Download This Sample
This sample is exclusively for KidsKonnect members!
To download this worksheet, click the button below to signup for free (it only takes a minute) and you'll be brought right back to this page to start the download!
Sign Me Up
Table of Contents
Edward Jenner was an English surgeon who pioneered the concept of vaccination and created the vaccine for smallpox, the world’s first-ever vaccine. He helped save countless lives by stopping the spread of the greatest killer in the world at the time. He is considered the Father of Immunology.
See the fact file below for more information on Edward Jenner or alternatively, you can download our 28-page Edward Jenner worksheet pack to utilise within the classroom or home environment.
Key Facts & Information
- On May 17, 1749, Edward Jenner was born in Berkeley, Gloucestershire, England.
- He was the eighth child of the nine children of Reverend Stephen Jenner, Vicar of Berkeley, and his wife, Sarah. His parents died when Jenner was only five and he went to live with his older brother. Edward developed a love of science and nature during his youth.
- He received his primary education at Katharine Lady Berkeley’s School in Wotton-under-Edge. He was inoculated for smallpox during this time, which generally affected his health.
- From the ages of 14–21, he became apprenticed in surgery and anatomy under surgeon Daniel Ludlow where he obtained most of his experience to become a surgeon himself.
- In 1770, he again became an apprentice in surgery and anatomy under surgeon and experimentalist John Hunter at St. George’s Hospital. Hunter supposedly advised Jenner “Don’t think, try,” which became famous in the medical community. The two became lifelong friends.
- Three years later, Jenner returned to his hometown in Berkeley to practice medicine as a family doctor and general surgeon.
- In 1792, he earned his Medical Degree from the University of St. Andrews. With his interest in the advancement of the study of angina pectoris, he wrote, “how much the heart must suffer from the coronary aeries not being able to perform their functions.”
DEVELOPING THE FIRST VACCINE
- During his apprenticeship with Daniel Ludlow, he overheard a young woman say that she would not be infected with smallpox because she already had cowpox. Cowpox had relatively milder symptoms and was less contagious than smallpox. It induced Jenner to research this information.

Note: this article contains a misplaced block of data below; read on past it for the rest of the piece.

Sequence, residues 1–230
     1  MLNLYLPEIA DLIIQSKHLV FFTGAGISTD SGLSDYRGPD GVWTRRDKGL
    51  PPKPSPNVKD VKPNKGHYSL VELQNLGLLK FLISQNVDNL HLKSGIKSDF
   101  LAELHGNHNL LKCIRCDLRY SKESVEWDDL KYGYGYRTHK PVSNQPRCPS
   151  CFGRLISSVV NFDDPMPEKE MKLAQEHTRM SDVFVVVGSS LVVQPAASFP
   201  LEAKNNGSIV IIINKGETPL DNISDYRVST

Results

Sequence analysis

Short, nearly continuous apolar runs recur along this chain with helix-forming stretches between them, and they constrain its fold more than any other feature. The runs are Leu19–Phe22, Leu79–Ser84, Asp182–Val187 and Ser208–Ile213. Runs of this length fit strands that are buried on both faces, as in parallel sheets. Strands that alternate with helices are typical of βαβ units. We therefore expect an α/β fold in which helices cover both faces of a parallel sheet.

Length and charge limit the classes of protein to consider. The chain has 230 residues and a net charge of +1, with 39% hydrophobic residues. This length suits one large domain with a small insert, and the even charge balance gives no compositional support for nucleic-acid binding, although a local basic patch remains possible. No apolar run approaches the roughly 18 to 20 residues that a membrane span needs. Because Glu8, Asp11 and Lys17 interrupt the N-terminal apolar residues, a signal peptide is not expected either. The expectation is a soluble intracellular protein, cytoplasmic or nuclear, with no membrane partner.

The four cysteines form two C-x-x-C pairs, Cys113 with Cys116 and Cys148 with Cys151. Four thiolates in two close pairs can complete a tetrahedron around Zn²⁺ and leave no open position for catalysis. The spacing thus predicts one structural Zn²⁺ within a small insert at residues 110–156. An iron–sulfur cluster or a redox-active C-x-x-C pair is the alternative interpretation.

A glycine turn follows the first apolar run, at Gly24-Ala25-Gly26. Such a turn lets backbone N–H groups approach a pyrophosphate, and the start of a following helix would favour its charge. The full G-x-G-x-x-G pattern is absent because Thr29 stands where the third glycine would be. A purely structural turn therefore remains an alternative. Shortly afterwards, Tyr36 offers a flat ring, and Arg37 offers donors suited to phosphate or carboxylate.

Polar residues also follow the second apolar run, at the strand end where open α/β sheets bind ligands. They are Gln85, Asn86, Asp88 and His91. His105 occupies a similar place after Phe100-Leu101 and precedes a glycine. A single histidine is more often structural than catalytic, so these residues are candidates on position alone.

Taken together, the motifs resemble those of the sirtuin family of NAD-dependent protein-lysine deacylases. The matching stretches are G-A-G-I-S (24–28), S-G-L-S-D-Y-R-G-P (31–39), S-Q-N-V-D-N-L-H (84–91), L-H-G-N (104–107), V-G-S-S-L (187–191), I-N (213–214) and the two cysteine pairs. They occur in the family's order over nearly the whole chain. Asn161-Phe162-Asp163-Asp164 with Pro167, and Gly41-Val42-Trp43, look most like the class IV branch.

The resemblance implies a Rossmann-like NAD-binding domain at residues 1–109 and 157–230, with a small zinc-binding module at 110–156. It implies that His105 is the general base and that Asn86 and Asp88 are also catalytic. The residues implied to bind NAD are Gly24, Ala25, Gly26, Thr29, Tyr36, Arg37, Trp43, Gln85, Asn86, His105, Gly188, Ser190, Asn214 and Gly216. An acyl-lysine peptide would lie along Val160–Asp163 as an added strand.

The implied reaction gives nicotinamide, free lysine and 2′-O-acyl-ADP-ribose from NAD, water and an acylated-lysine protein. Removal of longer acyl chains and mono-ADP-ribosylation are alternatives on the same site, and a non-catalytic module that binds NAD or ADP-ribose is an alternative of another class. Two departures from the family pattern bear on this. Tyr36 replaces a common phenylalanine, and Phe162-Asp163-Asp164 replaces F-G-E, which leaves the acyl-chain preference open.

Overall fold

- Smallpox was considered the deadliest disease in the 18th century. Inoculation for smallpox was the only known primary treatment, but there was a risk that the patient often contracted the full disease followed by a tragic result.
- The smallpox inoculation or variolation was introduced and campaigned for by Lady Mary Wortley Montagu in Europe. She had her daughter the first to be publicly inoculated in Britain to prove that it was safe and effective.
- Lady Montagu also wrote an article under a pseudonym favoring variolation (a method of inoculation).
- Despite the method resulting in a small number of deaths and complications, she convinced several people, including Catherine the Great of Russia, Caroline, Princess of Wales, and other Royal families.
- When Jenner noticed that patients who worked with cattle and contracted cowpox resisted the smallpox disease, he had the idea of inoculating with a milder infection instead of the more severe smallpox.
- In 1796, Jenner experimented with his theory on an eight-year-old boy, James Phipps, his gardener’s son. He made two cuts in James’ arm and introduced a small amount of cowpox pus that came from a dairymaid, Sarah Nelmes.
- It resulted in a slight fever, but the boy recovered a few days later. He repeated the experiment by injecting smallpox matter, and the boy remained healthy. He called the process vaccination after the Latin word for cow, vaccinia.
- He carried out more tests that proved his experiment was successful and published his findings in 1800 in a booklet: “An Inquiry into the Causes and Effects of the Variolae Vaccinae, a Disease Known by the Name of Cow Pox.”
REACTION TO THE FIRST VACCINE
- The medical community and the general public did not initially support Jenner’s breakthrough. They became fearful of the possible consequences of receiving matter that originated from cows.
- They also opposed it on religious grounds stating that they refused to be treated with substances from God’s lowlier creatures. Jenner went to London to seek volunteers for his vaccination but was unsuccessful.
- A satirical cartoon in 1802 was published showing vaccinated people sprouting cow’s heads.